Last Updated on June 18, 2020 by Woody Pet
Can Dogs Eat Peanuts
Have you ever had your dog eyeing you from afar, looking at you with those gaping, beady eyes?
You know what I am talking about, right?
The kind of begging eyes that you can see either directly or from your peripheral vision, especially when you’re eating something, dogs seem to be so curious appetite-wise as to always wanting to have what we are eating, and you as a dog owner might have fallen prey to the look; and have in more instances than you would like to admit have caved in and fed a handful or two of whatever it was you were eating to your dog.
In relation to the scenario above, let us make the presumption that what you have were peanuts. And in the spirit of conversation, we are going to discuss the query: “Can dogs eat peanuts?”
“Of course, they can!” says your friend who also has a pet dog of her own.
“I’ve been feeding my dog lots of peanuts, and so far, I have not had any issues whatsoever… Although he gets a bit gassy and poops quite a lot, so I try to give him a few peanuts instead”
Whether or not feeding your dog peanuts is a good idea, it is imperative that the topic at hand must be approached subjectively instead of word-of-mouth advice.
Peanuts And Health – Are Peanuts Harmful to Dogs?
One thing that you must keep in mind about peanuts is that they are full of fat. How full? Well, here is a nutritional fact breakdown on what constitutes three and a half ounces, or about a hundred grams of raw peanuts:
Raw peanuts contain somewhere between twenty-four to twenty-five grams of monounsaturated fat, forty-nine to fifty grams of fat, an approximate of around fifteen to sixteen grams of polyunsaturated fat, between six to seven grams of saturated fat, between fifteen to sixteen grams of Omega-6, eight and a half grams of fiber, five hundred sixty-seven calories, between four to five grams of sugar, seven to eight percent water, twenty-five to twenty-seven grams of protein, between sixteen to seventeen grams of carbohydrates and no trans fats and Omega-3.
Based on the breakdown given above regarding the makings of a peanut, it is obvious that they are full of calories and all kinds of fat. It is also worth mentioning that this is only what is contained within raw peanuts. The numbers will most definitely increase if the peanuts were either roasted, fried or processed.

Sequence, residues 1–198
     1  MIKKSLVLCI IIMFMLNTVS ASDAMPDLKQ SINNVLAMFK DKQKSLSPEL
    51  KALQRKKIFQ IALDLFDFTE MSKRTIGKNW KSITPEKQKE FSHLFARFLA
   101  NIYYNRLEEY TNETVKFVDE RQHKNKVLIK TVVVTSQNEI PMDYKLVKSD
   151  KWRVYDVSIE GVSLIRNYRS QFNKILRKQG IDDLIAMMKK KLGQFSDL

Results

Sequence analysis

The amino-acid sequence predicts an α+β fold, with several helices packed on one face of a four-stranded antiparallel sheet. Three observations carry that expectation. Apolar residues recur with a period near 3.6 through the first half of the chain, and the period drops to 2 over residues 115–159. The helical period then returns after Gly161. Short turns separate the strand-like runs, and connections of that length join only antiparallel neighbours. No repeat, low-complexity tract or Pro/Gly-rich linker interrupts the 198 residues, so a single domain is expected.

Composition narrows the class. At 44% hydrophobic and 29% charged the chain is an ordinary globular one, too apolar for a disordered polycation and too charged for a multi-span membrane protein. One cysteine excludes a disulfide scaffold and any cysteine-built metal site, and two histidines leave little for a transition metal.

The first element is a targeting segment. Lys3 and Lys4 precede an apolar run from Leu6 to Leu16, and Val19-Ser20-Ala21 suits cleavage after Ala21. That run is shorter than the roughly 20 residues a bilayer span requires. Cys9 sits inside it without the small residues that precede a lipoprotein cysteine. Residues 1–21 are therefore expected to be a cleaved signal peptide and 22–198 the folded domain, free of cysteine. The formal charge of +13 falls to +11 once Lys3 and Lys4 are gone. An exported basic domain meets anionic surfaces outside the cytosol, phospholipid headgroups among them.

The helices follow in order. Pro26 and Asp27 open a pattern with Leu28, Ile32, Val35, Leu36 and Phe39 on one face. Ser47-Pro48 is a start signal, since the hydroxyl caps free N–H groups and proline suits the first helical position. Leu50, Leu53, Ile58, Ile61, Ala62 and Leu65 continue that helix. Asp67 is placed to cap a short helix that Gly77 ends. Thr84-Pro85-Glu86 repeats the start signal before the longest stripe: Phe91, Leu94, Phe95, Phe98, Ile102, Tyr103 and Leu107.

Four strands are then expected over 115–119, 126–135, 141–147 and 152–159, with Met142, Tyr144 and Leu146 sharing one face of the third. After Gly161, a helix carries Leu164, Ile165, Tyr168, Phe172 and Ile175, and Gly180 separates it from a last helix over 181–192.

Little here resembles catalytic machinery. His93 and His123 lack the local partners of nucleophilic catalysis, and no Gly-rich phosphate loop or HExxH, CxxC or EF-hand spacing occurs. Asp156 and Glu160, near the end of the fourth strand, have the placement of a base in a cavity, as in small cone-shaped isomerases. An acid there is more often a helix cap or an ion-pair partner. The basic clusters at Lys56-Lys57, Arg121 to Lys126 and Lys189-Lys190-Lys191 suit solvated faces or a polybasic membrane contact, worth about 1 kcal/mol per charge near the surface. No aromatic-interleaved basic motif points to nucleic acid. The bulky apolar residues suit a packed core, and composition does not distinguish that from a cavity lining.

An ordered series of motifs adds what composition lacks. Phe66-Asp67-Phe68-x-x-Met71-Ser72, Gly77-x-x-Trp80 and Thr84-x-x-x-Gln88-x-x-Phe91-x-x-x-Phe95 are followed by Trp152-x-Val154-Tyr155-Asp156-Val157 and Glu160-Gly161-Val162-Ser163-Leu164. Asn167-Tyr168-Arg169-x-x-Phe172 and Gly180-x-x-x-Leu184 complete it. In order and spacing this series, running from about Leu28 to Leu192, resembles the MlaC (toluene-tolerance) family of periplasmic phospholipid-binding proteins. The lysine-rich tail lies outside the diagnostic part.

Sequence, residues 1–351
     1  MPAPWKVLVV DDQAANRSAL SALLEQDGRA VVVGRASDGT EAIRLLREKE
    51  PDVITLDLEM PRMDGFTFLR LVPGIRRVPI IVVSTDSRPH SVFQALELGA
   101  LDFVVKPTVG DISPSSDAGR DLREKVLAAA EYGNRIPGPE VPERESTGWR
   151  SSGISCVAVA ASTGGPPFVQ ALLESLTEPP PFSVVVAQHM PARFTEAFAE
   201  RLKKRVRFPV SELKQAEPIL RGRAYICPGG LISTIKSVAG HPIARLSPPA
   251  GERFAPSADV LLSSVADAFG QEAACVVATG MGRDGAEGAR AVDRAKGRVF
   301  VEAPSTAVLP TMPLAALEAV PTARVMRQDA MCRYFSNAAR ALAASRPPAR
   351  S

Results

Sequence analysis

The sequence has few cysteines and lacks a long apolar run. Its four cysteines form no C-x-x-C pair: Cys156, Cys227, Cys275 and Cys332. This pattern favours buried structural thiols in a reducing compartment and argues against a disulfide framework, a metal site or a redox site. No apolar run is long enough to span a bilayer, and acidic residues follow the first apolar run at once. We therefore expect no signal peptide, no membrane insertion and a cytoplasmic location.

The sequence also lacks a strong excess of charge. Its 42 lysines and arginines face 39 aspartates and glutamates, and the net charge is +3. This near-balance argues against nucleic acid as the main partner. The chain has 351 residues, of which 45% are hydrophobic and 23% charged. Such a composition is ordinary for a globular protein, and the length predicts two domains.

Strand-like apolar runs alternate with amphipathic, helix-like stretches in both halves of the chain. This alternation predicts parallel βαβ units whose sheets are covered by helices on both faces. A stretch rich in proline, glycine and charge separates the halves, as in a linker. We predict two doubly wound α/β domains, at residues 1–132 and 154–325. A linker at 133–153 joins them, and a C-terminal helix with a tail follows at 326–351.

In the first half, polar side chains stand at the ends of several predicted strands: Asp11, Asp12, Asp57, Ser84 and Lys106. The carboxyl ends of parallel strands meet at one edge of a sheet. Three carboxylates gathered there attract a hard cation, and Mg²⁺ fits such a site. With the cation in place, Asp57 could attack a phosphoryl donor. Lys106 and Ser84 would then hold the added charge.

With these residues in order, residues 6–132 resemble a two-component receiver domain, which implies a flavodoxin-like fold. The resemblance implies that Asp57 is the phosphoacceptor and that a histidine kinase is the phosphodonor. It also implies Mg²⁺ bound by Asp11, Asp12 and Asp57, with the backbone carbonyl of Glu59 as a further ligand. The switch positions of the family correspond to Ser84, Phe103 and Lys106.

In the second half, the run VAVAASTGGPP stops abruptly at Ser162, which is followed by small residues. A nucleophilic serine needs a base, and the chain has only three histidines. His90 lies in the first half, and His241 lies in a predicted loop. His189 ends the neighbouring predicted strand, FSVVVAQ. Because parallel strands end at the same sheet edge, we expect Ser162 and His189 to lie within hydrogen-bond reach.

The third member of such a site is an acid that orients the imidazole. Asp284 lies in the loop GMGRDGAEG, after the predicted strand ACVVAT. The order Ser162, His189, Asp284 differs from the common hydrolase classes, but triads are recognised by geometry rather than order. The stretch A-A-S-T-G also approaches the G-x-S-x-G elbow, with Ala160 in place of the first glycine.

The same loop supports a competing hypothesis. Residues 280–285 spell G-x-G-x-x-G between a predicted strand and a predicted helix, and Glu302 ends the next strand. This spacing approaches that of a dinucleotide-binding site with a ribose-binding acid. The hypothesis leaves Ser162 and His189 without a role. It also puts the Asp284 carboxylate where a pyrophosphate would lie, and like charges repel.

Therefore, if we were to look at the considerations you are to make when feeding your dog peanuts on a healthy standpoint, it would not be a good idea to do so in large quantities, given the many calories and fat per serving that peanut has.
It is advisable that peanuts be given to dogs in rarity, therefore should be done so as a treat or reward.
Can My Dog Go Nuts Over Peanuts? Read More And Find Out!
You can breathe easy because there is no way they are in any reason dangerous or risky to your dog’s health.
Peanuts by themselves do not pose any threat, but peanut-based products are another thing altogether and should as much as possible be regarded with caution if you intend to feed any of it to your dog.
One such instance of a peanut-based product would be peanut butter. These products contain a chemical called xylitol which is safe for humans, but not for your canine companion.
Just a small dose of the stuff will lead your dog into hypoglycemia. It is a medical situation wherein your pet dog experiences a sudden and potentially fatal decline of blood sugar.
Another type of peanut to look out for is salted peanuts. Peanuts high in sodium, or basically any kind of food high in sodium are not healthy for your pet dog. Not only are they at risk of indigestion, if not looked after early on, could lead your dog to have kidney disease.
Can You Feed Dogs Peanuts of Any Kind?
As mentioned above, peanuts by themselves should be no issue for dogs. The healthiest kind for them would be plain peanuts, with no mixtures whatsoever.
Roasted peanuts with nothing else can be an ideal food for your pet as well. You can feed them a handful of peanuts or you can mix them alongside their usual daily dietary regimen.
Xylitol-free, low-salt and low-carb peanut butter is the best choice. Usually the organic kind of peanut butter is most ideal, given that they are almost handmade through churning and contain almost no unhealthy additives and preservatives.
The downside to these sorts of peanut butter is that they do not take a long time to spoil and go rotten.
If you are still unsure as to what kind of peanuts you can feed your dog and how much of it, it is always a good idea to consult your dog’s veterinarian for they are most aware of what your dog’s nutritional needs are, as well as their health conditions and restrictions, if any.
In conclusion to the query which states “Can dogs eat peanuts”, we have come to the agreement that yes, they can, but does not necessarily mean that they should in large amounts.
Peanuts are safe for canine consumption, yet despite this, it should be noted that peanuts even in their raw, purest form still contain lots and lots of calories and fats and should not be given to your dog in large quantities.
Peanut-based products such as peanut butter is to be handled with precaution. Only feed your dog with xylitol-free, low-sugar, low-salted and low-carb peanut butter.
Raw peanuts can be fed to your dog, if they prefer it that way. Other routes to consider in going about peanuts is to roast them or fry them, using as little oil or butter as possible when doing so.
As with any other type of food, it is imperative that you feed your dog peanuts in moderation.